Coronavirus: Trump denies downplaying severity of virus
US President Donald Trump has denied downplaying the seriousness of Covid-19, despite admitting in a recorded interview to having done that.
At a televised event with voters, Mr Trump said he had "up-played" it.
The claim contradicts comments Mr Trump made to journalist Bob Woodward earlier this year, when he said he minimised the virus's severity to avoid panic.
Mr Trump also repeated on Tuesday that a vaccine could be ready "within weeks" despite scepticism from health experts.
No vaccine has yet completed clinical trials, leading some scientists to fear politics rather than health and safety is driving the push for a vaccine before the 3 November presidential elections.
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More than 195,000 people have died with Covid-19 in the US since the beginning of the pandemic, according to data collated by Johns Hopkins university.
Meanwhile, the magazine Scientific American on Tuesday endorsed a presidential candidate for the first time in its 175-year history, backing Democrat Joe Biden for the White House.
The magazine said Mr Trump "rejects evidence and science" and described his response to the coronavirus pandemic as "dishonest and inept".
What did Trump say?
At Tuesday's town hall meeting held by ABC News in Philadelphia, Pennsylvania, Mr Trump was asked why he would "downplay a pandemic that is known to disproportionately harm low-income families and minority communities".
Mr Trump responded: "Yeah, well, I didn't downplay it. I actually, in many ways, I up-played it, in terms of action."
"My action was very strong," he said, citing a ban imposed on people travelling from China and Europe earlier this year.
"We would have lost thousands of more people had I not put the ban on. We saved a lot of lives when we did that," Mr Trump said.
But Mr Trump has been accused of being slow implementing measures to curtail the virus.
In its statement on Tuesday, Scientific American said despite warnings in January and February, Mr Trump "did not develop a national strategy to provide protective equipment, coronavirus testing or clear health guidelines."
What did he tell Woodward?
Woodward, who broke the Watergate scandal in 1972 and is one of the US's most respected journalists, interviewed Mr Trump 18 times from December to July.
In February, Mr Trump indicated in an interview with Woodward that he knew more about the severity of the illness than he had said publicly.
According to a recording of the call, the president said coronavirus was deadlier than the flu.
"It goes through the air," Mr Trump is heard saying on the tape. "That's always tougher than the touch. You don't have to touch things. Right? But the air, you just breathe the air and that's how it's passed.
"And so that's a very tricky one. That's a very delicate one."
Later that month, Mr Trump said that the virus was "very much under control", and that the case count would soon be close to zero. He also publicly implied the flu was more dangerous than Covid-19.
Speaking on Capitol Hill on 10 March, Mr Trump said: "Just stay calm. It will go away."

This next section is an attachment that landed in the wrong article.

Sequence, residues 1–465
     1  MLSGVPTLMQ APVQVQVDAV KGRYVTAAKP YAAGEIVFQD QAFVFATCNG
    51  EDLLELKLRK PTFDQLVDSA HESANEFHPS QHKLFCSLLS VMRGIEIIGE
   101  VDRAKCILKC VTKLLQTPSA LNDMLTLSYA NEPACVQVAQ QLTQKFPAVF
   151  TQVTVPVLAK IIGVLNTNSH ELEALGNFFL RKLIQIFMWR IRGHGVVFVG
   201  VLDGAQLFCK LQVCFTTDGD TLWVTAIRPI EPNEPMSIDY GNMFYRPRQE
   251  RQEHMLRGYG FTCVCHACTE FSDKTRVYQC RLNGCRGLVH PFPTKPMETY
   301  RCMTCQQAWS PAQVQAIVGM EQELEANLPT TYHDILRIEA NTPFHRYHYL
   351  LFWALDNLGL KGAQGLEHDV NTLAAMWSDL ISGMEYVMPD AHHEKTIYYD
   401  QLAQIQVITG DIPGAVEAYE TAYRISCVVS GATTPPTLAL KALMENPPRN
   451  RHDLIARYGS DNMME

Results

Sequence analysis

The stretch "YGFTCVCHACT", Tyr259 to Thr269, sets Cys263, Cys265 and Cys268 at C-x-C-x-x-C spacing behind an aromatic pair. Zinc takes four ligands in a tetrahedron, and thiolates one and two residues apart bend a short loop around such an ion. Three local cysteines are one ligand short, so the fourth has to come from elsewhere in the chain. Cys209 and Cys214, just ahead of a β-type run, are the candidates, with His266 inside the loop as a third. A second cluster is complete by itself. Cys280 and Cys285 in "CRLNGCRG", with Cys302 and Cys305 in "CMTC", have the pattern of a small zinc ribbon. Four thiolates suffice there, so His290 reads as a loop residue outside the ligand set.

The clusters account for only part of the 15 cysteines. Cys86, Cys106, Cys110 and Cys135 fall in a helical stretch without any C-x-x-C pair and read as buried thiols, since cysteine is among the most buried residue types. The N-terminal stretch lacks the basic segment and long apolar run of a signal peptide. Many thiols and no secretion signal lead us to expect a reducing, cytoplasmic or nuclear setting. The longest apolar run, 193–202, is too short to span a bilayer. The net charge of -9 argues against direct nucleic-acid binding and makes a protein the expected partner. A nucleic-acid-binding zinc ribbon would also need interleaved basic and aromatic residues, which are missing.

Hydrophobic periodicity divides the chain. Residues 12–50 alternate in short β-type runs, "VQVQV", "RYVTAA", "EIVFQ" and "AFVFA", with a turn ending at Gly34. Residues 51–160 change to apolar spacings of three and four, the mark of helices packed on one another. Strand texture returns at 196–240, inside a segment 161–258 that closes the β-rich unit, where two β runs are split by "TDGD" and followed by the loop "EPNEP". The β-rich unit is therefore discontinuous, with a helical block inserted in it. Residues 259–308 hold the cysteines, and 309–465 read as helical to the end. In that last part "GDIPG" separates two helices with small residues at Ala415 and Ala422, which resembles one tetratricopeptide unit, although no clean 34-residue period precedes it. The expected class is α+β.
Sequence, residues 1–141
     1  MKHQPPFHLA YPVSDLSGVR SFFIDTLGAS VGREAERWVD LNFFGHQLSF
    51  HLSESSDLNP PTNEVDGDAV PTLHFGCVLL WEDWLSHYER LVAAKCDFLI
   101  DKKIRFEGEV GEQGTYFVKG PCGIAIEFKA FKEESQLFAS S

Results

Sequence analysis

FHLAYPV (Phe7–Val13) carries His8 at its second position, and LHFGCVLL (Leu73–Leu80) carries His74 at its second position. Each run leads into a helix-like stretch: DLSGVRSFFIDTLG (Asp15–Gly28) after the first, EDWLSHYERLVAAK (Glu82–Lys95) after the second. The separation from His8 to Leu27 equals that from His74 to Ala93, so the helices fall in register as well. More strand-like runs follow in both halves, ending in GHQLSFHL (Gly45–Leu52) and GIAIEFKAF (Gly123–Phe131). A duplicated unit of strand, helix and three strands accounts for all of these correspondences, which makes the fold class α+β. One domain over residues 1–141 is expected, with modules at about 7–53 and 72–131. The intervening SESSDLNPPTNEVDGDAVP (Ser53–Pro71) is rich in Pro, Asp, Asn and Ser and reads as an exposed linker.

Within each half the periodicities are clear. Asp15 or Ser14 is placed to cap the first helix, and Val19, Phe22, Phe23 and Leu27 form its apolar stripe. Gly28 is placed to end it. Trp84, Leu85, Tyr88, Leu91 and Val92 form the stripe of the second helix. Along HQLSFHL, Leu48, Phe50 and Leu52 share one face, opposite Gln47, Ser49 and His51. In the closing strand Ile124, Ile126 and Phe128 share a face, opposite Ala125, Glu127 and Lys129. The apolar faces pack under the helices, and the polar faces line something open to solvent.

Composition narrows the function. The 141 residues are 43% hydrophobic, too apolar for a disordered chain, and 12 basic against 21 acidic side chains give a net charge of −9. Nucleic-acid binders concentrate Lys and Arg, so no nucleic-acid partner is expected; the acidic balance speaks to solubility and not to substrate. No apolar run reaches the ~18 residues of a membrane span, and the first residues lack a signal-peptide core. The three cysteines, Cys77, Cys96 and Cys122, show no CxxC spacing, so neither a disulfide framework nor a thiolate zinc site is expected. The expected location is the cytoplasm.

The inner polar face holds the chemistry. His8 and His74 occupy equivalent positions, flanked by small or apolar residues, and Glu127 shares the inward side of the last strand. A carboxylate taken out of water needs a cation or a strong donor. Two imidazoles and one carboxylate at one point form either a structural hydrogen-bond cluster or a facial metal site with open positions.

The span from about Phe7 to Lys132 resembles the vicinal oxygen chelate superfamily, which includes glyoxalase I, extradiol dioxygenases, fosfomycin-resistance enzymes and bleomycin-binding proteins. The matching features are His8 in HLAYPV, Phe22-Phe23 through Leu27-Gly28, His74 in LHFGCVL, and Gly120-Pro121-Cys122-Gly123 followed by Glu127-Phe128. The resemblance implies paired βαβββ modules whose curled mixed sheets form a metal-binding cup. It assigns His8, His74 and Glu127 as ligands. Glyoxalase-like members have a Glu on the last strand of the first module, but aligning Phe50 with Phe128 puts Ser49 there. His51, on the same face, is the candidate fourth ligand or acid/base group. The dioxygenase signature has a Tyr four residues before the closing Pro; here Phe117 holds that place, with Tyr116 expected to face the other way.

Nine days later, after the White House declared the pandemic a national emergency, the president told Woodward: "I wanted to always play it down. I still like playing it down, because I don't want to create a panic."
During the meeting, a group of ordinary people were given a chance to pose questions directly to the president. It was an unusual event for Donald Trump, who has long preferred speaking at campaign-style rallies.
One of the participants - Ellesia Blaque, an assistant professor who suffers from an inflammatory disease - asked about the president's healthcare plan and if it would support people with preexisting conditions.
When Mr Trump interrupted her, she asked him to let her continue and he fell silent. It was a rare moment for the president. He typically surrounds himself by supporters and when reporters ask tough questions, he attacks them.
But he could not accuse Ms Blaque of having an agenda. She and others at the town hall event demanded answers in a way that few people have been able to. He assured her those with preexisting conditions would be protected under his plan but did not offer specifics.
It was the kind of real-time exchange that he has tried to avoid, and how she and others in the audience - and across the US - feel about his responses could help determine the outcome of the election.
What else did Trump say in Philadelphia?
Mr Trump, who is seeking re-election, repeated his earlier claim that the virus would disappear on its own because people would "develop... herd mentality", likely referring to "herd immunity" when enough people have developed resistance to a disease to stop its transmission.
He also again cast doubt on the scientific advice of his own administration on mask-wearing.
"The concept of a mask is good, but... you're constantly touching it. You're touching your face. You're touching plates. There are people that don't think masks are good," he said.
The US Centers for Disease Control and Prevention strongly urges the use of face masks.
Mr Trump has made contradictory comments on face masks, on the one hand disparaging them as unsanitary, and on the other calling on Americans to "show patriotism" by wearing them.
The Q&A meeting with undecided voters on Tuesday came as the presidential election battle entered its final stretches.
Mr Trump's Democratic rival Joe Biden is expected to sit for a similar programme in Pennsylvania that will air on Thursday.
Pennsylvania is seen as a key battleground state in the race to the White House.